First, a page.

Then, the rotation speed was reduced to 300 rpm, and the cylindrical mold was gradually heated to 130 degrees Celsius. The polyamic acid was dried for 40 minutes and was solidified then cooled to room temperature. After that, while the metal cylindrical mold with the outer layer formed thereon was rotated at a speed of 100 rpm, polyamic acid having a solid content of 19% was uniformly applied to an inner layer of the cylindrical mold by a dispenser. Next, the cylindrical mold was rotated at a speed of 1000 rpm for 5 minutes to level the polyamic acid. Then, the rotation speed was reduced to 300 rpm, and the cylindrical mold was gradually heated up to 130 degrees Celsius. The polyamic acid was dried for 40 minutes and was solidified.

After the solidification, the cylindrical mold was stopped and heated to 350 degrees Celsius to cause imide ring-closing. Thus, imidization was completed and polyimide coating was obtained. Next, the cylindrical mold was cooled to room temperature and the polyimide coating was removed therefrom. Both edges of the polyamic coating were cut off so that the polyamic coating had a width of 330 mm. From the above, a seamless intermediate transfer belt (i.e., intermediate transfer belt 201) having a layer thickness of 80 μm of the inner and outer layers was produced.

Further, a single-layer belt such as the intermediate transfer belt 201 shown in FIG. 3C is molded on the surface of the base layer formed on the outer circumferential surface of the cylindrical mold through a spiral molding method. While a metal cylindrical mold having a diameter of 319 mm was rotated at a speed of 30 rpm, polyamic acid having a solid content of 19% was uniformly applied to an outer surface of the cylindrical mold in an axial direction thereof by a dispenser having a width of 5 mm at a speed of 5 mm per rotation.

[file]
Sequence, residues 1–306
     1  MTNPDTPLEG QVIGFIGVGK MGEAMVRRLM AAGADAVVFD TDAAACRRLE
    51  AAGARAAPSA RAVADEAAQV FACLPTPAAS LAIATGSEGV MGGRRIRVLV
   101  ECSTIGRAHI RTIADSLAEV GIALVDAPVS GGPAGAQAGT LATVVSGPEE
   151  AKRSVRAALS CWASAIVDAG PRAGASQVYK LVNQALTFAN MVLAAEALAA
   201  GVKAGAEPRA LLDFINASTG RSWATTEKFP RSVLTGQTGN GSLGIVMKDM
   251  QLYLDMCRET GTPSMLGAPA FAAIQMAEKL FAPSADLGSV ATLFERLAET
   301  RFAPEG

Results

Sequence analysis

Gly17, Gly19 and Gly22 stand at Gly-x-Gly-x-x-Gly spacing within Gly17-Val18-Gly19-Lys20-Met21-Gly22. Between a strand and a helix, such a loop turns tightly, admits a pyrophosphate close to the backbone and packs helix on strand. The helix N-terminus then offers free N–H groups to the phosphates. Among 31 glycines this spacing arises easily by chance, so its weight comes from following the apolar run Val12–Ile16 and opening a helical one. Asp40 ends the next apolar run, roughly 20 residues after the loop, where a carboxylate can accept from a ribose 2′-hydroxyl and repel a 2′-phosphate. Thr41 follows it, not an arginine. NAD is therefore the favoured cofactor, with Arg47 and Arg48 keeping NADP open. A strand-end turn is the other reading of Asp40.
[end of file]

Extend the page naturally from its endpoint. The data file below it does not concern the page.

Next, the cylindrical mold was rotated at a speed of 1000 rpm for 5 minutes to level the polyamic acid. Then, the rotation speed of the cylindrical mold was reduced to 300 rpm, and the cylindrical mold was gradually heated to 130 degrees Celsius. The polyamic acid was dried for 40 minutes and was solidified. Then, while the metal cylindrical mold with the outer layer formed thereon was rotated at a speed of 100 rpm, a constant amount of N-methyl-2-pyrrolidone (NMP) as the organic polar solvent is sprayed over the outer layer of the metal cylindrical mold.

[Tests]

Next, descriptions are given of tests conducted by the inventor to evaluate the belt member that can reduce occurrence of toner scattering, residual image, image with electric discharge, and so forth, and produce an image having good quality. Table 1 shows results of characteristic comparative table, image evaluation, and comprehensive evaluation of Examples 1 to 3 and Comparative Examples 1 to 6 used for the tests.

TABLE 1
EX 1 EX 2 EX 3 CE 1 CE 2 CE 3 CE 4 CE 5 CE 6
SL Material UR UR UR UR UR UR UR UR UR
SL Thickness 2.1 2.6 3.5 2.2 2.2 2.5 2.5 1.2 5
(μm)
SL Conductive CB CB CB CB CB Ion Ion Non CB
Agent and CB
SL Material 11.7 12.5 12.5 10.7 11.3 11.7 12.8 14 or 13
Resistivity greater
(log [Ω · cm])
IL Material CR CR CR CR CR CR CR CR CR
IL Thickness 250 250 250 250 250 250 250 250 250
(μm)
IL Conductive Ion Ion Ion Ion Ion Ion Ion Ion Ion
Agent and CB and CB and CB and CB
BL Material Polyimide Polyimide Polyimide Polyimide Polyimide Polyimide Polyimide Polyimide Polyimide
BL Thickness 80 80 80 80 80 80 80 80 80
(μm)
BL Conductive CB CB CB CB CB CB CB CB CB
Agent
Δpsf100 0.56 1.03 1.45 0.05 0.45 0.65 1.2 1.85 1.56
(log [Ω/
square])
Δpsf500 0.1 0.1 0.15 0.05 0.1 0.23 0.75 0.7 0.1
(log [Ω/
square])
Δpsb100 0.1 or 0.1 or 0.1 or 0.1 or 0.1 or 0.1 or 0.1 or 0.1 or 0.1 or
(log [Ω/ smaller smaller smaller smaller smaller smaller smaller smaller smaller
square])
Δpsb500 0.1 or 0.1 or 0.1 or 0.1 or 0.1 or 0.1 or 0.1 or 0.1 or 0.1 or
(log [Ω/ smaller smaller smaller smaller smaller smaller smaller smaller smaller
square])